Lanier County, Georgia
|Named for||Sidney Lanier|
|• Total||200 sq mi (500 km2)|
|• Land||185 sq mi (480 km2)|
|• Water||15 sq mi (40 km2) 7.3%%|
| • Estimate |
|• Density||54/sq mi (21/km2)|
|Time zone||UTC−5 (Eastern)|
|• Summer (DST)||UTC−4 (EDT)|
Lanier County is a county in the south central portion of the U.S. state of Georgia. As of the 2010 census, the population was 10,078. The county seat and only incorporated municipality is Lakeland. The county is named after the Georgia poet Sidney Lanier.
The vast majority of Lanier County is in the Alapaha River sub-basin of the Suwannee River basin. Just a narrow section of the western border of the county, northeast and southeast of Ray City, is in the Withlacoochee River sub-basin of the same Suwannee River basin, and a very narrow section of the eastern border of Lanier County is in the Upper Suwannee River sub-basin of the same Suwannee River basin.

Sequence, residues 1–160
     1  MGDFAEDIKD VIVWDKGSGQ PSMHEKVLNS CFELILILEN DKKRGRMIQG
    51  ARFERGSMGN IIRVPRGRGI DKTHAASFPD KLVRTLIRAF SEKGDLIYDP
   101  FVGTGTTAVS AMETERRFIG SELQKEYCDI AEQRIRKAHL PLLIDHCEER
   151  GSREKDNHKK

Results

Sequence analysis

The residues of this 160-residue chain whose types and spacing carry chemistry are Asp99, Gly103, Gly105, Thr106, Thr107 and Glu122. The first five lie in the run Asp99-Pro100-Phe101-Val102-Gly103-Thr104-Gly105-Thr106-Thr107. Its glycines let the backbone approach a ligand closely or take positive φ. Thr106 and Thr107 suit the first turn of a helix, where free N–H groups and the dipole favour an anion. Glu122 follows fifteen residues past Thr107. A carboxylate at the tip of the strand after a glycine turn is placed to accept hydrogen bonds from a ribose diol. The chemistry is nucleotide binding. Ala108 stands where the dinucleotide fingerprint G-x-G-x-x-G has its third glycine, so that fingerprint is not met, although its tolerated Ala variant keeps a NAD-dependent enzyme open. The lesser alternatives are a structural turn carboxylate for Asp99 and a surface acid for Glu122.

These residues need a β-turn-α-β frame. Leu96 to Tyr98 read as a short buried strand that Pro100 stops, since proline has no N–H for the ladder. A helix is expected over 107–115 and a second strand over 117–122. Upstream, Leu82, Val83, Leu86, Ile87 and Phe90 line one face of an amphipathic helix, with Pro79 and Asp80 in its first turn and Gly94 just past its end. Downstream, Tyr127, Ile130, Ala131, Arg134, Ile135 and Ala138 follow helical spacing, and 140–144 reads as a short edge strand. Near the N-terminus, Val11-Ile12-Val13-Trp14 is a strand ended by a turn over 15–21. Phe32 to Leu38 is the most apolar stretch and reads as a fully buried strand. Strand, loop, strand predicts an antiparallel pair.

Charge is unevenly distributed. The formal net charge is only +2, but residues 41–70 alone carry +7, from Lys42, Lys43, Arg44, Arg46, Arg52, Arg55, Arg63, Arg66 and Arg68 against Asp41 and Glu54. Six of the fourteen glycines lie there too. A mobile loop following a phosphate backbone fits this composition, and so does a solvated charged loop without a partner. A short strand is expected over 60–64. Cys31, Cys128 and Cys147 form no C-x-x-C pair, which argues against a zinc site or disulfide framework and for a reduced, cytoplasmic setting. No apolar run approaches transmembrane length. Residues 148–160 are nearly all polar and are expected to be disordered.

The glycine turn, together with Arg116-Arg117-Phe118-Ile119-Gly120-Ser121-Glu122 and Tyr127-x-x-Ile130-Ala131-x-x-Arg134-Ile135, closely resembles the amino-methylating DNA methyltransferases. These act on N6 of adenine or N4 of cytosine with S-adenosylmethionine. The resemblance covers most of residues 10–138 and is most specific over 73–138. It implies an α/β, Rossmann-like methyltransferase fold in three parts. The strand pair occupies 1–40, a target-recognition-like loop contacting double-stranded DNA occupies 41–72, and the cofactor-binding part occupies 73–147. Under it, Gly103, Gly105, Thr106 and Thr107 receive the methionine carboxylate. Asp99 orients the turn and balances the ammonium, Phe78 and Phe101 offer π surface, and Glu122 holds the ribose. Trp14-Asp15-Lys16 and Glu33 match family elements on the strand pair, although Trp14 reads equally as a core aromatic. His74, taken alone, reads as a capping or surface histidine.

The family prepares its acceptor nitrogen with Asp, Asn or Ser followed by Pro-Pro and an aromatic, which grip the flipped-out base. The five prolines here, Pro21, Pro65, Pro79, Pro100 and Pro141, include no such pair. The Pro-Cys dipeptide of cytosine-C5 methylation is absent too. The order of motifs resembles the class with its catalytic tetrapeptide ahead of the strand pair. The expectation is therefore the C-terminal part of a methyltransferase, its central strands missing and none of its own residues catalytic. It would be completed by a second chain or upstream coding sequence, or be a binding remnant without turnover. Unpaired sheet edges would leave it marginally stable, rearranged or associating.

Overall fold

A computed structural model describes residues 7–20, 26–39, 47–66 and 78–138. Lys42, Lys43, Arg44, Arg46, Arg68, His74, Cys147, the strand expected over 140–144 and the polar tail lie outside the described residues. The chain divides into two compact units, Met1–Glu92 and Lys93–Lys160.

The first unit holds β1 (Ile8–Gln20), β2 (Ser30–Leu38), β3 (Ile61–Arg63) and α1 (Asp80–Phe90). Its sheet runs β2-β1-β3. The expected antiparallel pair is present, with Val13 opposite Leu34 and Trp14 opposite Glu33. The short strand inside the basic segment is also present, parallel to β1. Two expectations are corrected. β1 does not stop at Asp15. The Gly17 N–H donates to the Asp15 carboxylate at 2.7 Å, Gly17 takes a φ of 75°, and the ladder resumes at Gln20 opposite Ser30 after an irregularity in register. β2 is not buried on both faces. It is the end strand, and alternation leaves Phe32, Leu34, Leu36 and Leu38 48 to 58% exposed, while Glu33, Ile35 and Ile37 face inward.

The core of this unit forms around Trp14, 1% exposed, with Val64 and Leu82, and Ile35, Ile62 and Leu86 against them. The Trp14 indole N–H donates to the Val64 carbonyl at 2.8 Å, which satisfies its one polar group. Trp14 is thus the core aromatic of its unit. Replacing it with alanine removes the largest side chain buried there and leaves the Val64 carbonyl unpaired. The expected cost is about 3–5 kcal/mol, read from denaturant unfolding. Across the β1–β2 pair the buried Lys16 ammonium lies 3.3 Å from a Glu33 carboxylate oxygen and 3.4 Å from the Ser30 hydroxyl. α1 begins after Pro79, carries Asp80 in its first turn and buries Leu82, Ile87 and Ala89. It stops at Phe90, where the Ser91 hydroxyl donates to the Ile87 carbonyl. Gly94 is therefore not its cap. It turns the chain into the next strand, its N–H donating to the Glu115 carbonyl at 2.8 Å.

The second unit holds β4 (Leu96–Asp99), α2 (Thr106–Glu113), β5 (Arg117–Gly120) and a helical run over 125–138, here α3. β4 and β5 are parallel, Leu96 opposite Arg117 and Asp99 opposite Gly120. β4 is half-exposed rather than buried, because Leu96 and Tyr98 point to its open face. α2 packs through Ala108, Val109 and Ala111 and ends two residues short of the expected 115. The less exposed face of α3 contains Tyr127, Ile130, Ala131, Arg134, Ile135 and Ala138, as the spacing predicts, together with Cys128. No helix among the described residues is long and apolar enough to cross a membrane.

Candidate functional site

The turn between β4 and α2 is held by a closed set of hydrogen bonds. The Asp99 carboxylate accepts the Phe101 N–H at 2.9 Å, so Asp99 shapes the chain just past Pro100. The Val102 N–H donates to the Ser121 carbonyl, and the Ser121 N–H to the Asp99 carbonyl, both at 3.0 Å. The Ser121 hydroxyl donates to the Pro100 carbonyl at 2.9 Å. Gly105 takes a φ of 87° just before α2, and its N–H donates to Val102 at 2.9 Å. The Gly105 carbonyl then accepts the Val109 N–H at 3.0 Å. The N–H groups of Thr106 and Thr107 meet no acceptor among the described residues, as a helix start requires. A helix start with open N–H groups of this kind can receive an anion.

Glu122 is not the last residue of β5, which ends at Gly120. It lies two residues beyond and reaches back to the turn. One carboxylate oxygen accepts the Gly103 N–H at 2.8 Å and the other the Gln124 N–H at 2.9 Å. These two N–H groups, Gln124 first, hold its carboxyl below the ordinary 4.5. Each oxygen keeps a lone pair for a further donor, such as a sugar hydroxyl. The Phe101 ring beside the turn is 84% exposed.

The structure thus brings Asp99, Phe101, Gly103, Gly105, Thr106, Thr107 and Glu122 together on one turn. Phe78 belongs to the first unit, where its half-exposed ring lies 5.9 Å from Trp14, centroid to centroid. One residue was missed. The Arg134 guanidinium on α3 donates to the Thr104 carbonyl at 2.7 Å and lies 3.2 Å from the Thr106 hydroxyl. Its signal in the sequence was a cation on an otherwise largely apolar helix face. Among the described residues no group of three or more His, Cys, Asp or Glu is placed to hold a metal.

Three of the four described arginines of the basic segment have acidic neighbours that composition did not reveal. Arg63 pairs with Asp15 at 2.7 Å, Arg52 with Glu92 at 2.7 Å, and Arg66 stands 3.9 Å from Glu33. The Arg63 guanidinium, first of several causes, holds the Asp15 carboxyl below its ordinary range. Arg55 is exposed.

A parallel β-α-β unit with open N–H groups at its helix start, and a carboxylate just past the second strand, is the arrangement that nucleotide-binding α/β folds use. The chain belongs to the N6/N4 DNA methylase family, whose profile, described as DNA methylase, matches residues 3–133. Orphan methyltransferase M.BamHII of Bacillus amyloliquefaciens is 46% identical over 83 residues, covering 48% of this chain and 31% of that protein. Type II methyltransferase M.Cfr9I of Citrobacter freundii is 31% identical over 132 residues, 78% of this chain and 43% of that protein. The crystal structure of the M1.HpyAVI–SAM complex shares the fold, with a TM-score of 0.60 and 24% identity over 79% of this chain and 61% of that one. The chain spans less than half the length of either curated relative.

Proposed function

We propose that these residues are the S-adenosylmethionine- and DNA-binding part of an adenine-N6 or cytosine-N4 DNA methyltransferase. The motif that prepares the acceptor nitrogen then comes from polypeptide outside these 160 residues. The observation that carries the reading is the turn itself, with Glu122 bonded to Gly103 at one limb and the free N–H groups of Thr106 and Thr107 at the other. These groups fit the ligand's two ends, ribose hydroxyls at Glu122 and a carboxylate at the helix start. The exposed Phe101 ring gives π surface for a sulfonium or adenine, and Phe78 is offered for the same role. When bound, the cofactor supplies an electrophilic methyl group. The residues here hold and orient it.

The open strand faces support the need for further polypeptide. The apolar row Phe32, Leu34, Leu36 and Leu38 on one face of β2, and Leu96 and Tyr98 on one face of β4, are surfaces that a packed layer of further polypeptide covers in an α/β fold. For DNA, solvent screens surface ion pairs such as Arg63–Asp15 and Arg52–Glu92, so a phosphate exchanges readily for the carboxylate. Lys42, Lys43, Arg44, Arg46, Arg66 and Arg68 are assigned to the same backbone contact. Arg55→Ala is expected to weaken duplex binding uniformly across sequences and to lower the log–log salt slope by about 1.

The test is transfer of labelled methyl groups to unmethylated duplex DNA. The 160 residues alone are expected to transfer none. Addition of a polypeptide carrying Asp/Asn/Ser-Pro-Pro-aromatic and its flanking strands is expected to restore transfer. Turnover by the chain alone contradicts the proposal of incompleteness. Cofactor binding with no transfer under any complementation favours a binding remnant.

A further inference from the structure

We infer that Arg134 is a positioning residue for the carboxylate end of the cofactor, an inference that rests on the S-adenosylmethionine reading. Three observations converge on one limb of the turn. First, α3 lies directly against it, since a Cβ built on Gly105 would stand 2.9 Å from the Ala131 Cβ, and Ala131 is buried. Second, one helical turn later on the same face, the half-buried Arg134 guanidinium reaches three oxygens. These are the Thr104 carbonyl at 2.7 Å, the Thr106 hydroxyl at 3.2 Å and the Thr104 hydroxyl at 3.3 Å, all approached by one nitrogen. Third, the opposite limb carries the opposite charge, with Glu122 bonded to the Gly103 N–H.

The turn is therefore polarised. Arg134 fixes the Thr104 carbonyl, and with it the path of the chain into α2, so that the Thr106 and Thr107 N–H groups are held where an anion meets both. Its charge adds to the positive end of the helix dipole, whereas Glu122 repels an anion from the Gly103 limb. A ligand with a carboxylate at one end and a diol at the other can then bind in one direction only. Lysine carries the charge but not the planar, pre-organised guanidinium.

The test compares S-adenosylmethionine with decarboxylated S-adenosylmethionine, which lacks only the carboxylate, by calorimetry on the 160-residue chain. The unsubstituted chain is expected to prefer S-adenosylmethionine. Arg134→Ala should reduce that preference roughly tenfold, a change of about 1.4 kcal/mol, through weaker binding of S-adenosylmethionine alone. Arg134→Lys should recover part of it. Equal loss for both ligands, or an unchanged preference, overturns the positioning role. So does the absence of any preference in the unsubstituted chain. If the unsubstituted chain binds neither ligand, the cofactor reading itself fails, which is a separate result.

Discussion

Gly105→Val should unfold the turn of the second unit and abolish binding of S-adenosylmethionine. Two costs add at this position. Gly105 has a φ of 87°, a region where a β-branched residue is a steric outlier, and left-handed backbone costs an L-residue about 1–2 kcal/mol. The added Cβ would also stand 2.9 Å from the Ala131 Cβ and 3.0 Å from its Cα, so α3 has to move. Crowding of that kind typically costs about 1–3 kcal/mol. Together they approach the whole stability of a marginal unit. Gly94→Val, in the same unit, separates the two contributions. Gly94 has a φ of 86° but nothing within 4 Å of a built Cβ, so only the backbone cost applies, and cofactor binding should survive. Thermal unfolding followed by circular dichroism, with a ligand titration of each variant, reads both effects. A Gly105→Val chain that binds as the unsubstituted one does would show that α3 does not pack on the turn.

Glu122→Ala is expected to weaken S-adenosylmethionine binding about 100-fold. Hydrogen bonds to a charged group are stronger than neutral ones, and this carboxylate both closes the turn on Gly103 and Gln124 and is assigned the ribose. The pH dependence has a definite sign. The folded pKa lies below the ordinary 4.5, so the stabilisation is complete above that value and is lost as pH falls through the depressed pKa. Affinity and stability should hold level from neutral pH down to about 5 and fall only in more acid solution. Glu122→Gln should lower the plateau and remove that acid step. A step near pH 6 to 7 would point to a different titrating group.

- Atlantic and Gulf Railroad
- Atlantic Coast Line Railroad
- Lakeland Railroad (Defunct, it was used from 1929 to 1957. It ran along the same path as the Milltown Air Line Railroad)
- Milltown Air Line Railroad (Defunct, it was used from 1904 to 1928. It ran from Lakeland to Naylor, Georgia)
- Plant System
- Waycross and Western Railroad (Defunct, it was used from 1912 to 1925 from Waycross, Georgia to Lakeland, Georgia. It roughly followed current Georgia State Route 122)
- Berrien County - northwest
- Atkinson County - north
- Clinch County - east
- Echols County - south
- Lowndes County - southwest
National protected area